4 out of 4 stars
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As the name suggests, Bloody Gullets, is not for the faint of heart. Author Michael Golvach has created a collection of 18 short stories, mostly psychological thrillers, almost all of which include a little blood and gore. Each of the 18 stories focus on different subjects and different characters, but almost all stories explore different aspects of the human psyche. Themes touched upon in Golvach’s stories include dark humor, loathsome characters, unreliable narrators, questioning of reality, and the blurred lines of right and wrong.
My favorite part about this collection was that each story was disturbingly thought provoking. Even the shortest stories, some of which are only a few pages, made me question the definitions of sanity, reality, and power, to name a few. For instance, one very short story, “Object Lesson”, asks the reader to question the true definition of a role model by introducing a contemptible narrator, who through acts of violence becomes an unlikely role model. Another of my favorite stories, “Believer”, explores the concept of mind control and the possible power one can have over an abuser. These stories, along with many others, made Bloody Gullets an intriguing and enjoyable read.
I appreciated that the author’s prose was engaging and clearly demonstrated a strong command of language by creating beauty while describing unsavory subjects. Additionally, though many of the stories deal with murder and illegal acts, the author portrays each story in a way that makes you question who the bad guys really are. I also commend the author for putting a new spin on plot devices we’ve read before. For example, the story “Small Deaths” follows a man that wakes up everyday with little to no memory of who he is, relying solely on the scribbles on a bookmark to get him through the day. Although, this may sound familiar, by creating a character driven story, Golvach paints a picture that is not only different but also humorous and poignant.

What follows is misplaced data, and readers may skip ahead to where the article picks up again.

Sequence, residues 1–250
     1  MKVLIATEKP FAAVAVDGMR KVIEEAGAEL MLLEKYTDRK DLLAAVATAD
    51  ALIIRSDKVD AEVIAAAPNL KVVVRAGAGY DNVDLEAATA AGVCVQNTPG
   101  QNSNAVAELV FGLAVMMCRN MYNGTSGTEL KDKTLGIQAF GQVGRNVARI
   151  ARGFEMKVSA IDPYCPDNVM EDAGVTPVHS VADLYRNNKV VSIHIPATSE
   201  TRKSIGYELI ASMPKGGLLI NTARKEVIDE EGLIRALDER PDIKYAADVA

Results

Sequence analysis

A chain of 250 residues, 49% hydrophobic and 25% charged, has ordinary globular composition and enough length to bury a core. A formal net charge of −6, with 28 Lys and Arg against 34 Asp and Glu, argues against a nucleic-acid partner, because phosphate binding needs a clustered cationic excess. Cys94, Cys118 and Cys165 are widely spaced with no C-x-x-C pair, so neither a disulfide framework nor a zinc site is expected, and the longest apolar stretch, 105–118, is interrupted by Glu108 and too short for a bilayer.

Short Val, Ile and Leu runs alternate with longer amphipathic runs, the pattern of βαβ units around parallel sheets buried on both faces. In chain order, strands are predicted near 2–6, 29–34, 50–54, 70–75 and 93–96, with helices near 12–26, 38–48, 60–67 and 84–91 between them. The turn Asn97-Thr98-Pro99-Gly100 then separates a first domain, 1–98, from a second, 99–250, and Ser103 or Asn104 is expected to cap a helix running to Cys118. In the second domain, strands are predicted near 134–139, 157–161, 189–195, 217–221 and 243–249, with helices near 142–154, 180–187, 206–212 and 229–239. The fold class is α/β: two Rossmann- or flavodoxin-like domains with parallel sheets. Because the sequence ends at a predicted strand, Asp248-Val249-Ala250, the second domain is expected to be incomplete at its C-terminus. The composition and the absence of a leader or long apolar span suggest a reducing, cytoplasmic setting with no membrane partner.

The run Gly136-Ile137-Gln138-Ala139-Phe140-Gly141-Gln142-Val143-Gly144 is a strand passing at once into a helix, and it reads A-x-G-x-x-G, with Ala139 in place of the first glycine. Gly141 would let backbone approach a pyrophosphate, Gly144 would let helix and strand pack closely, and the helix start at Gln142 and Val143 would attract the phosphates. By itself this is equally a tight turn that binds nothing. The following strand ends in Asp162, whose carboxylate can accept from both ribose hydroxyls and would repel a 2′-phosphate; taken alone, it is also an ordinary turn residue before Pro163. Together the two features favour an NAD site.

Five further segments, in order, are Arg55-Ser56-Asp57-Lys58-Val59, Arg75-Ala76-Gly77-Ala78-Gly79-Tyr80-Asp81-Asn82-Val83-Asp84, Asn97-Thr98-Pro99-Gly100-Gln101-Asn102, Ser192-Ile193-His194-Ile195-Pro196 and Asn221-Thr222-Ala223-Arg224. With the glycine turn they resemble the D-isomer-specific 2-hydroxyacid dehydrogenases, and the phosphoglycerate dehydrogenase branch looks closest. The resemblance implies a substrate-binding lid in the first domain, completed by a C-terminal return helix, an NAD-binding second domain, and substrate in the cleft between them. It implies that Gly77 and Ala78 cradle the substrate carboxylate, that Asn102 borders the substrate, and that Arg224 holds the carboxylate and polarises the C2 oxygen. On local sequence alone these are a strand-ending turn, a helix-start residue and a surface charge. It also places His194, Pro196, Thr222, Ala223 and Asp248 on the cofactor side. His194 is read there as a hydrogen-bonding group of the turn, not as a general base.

My only criticism of Bloody Gullets was that the narrators in some stories were a bit repetitive and therefore, were not memorable. Although we never met the same character in any of the 18 stories, a few times I felt as though I was reading from the same point of view. While this is not entirely a bad thing, the repetitiveness took away from the element of surprise as I felt I already understood the character and could foresee the decisions that would be made.
I give this book 4 out of 4 stars. Despite my small criticism, all 18 stories in this collection are well written, provocative reads, many of which I will read again. Fans of horror, thrillers, and thought provoking writing will find the stories in Bloody Gullets enticing and engrossing. I caution readers that there are scenes of violence and gore throughout many of the stories and for that reason this book may not be the right fit for all.
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